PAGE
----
Nick Charles, an ex-private detective, marries Nora and lives in a luxurious Park Avenue apartment in New York City. Nick's former underworld friends still hang around and get him involved ... See full summary »
Sardonic detective Shane, thrown out of one town for bringing trouble, heads for home and his ex-partner's detective agency. The business is in a sad way, and Shane, who has had the ... See full summary »
Sara and Kurt Muller and their three children are returning to her mother's home in Washington DC after 18 years in Europe. A Romanian Count living there discovers Kurt's attache case full ... See full summary »
Nick Charles, an ex-private detective, marries Nora and lives in a luxurious Park Avenue apartment in New York City. Nick's former underworld friends still hang around and get him involved in a number of crimes that he solves. Beatrice Dane is a beautiful con artist using the alias "Blondie Collins" and Nora finds it difficult to be hospitable to her. Written by
J.E. McKillop <firstname.lastname@example.org>
In the opening sequence when the credits run, Nick and Nora pull up with their dog Asta in an unusual very limited production car. It is an Italian bodied Dual Ghia with Chrysler underpinnings, frame, and engine. The sophisticated couple with their dog in tote going on adventures each week probably was at least in part an inspiration for the later day Hart to Hart (1979). The resemblance of Phyllis Kirk to Stefanie Powers and Peter Lawford to Robert Wagner seems more than a coincidence. See more »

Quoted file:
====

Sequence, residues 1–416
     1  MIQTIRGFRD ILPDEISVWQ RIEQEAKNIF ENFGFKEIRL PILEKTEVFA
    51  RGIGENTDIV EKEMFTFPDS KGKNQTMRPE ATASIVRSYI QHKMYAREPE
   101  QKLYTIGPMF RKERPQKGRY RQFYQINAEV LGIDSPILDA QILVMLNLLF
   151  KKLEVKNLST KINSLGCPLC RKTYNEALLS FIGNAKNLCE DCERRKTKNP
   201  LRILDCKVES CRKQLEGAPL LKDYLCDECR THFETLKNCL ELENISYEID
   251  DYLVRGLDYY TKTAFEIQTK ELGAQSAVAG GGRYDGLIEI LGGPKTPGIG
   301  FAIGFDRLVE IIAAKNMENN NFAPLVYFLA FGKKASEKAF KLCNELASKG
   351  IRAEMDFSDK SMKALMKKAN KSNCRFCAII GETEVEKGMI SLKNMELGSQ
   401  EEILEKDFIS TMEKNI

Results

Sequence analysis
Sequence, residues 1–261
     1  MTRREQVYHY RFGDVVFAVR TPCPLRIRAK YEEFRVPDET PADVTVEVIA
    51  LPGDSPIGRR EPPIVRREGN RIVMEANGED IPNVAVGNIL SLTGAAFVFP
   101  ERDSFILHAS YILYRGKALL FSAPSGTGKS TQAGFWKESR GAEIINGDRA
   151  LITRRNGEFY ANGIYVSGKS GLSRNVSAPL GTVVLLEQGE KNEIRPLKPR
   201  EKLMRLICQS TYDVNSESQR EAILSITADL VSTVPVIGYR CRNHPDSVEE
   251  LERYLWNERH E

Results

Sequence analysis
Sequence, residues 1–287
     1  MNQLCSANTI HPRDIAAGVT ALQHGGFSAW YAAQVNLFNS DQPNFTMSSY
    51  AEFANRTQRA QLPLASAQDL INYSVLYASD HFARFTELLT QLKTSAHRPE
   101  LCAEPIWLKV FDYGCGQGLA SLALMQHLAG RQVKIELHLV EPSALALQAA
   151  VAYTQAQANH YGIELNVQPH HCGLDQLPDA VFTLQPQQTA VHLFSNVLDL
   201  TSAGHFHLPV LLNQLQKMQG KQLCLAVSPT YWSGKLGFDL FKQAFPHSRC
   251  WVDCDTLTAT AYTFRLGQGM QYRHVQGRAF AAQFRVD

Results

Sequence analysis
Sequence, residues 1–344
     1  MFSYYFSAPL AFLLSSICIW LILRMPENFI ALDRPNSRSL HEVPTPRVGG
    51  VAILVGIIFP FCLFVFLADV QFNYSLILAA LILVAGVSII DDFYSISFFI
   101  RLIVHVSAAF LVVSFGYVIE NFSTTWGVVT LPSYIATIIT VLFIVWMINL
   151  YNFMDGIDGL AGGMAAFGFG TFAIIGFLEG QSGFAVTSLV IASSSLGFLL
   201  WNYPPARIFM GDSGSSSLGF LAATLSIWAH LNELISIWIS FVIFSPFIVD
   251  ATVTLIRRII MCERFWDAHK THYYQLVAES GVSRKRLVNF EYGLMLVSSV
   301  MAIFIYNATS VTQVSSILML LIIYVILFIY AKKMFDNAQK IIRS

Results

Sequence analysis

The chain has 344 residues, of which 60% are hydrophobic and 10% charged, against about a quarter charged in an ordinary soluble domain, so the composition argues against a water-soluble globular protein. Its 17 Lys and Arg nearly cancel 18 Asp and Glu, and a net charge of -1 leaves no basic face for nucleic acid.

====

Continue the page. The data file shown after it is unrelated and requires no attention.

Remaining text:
I agree with Alice. Why is no one putting out a DVD collection of this wonderful TV program? I am a devotee of the William Powell, Myrna Loy classics; this is to underscore that for me, the Peter Lawford, Phyllis Kirk re-working of "The Thin Man" requires no apologies for its contemporaneity. There were seventy-two episodes (twenty-four a season), far more than I had guessed. For those of my generation (these episodes ran during my junior high school years), there is doubtless a dear nostalgia for the time; but there is a smooth sophistication here which I am noting many much younger people are beginning to re-appreciate. The exigencies of DVD production has long made me wonder at the odd and inexplicable choices. Some awful turkeys show up both in single releases and in compilations, as fine productions are overlooked.
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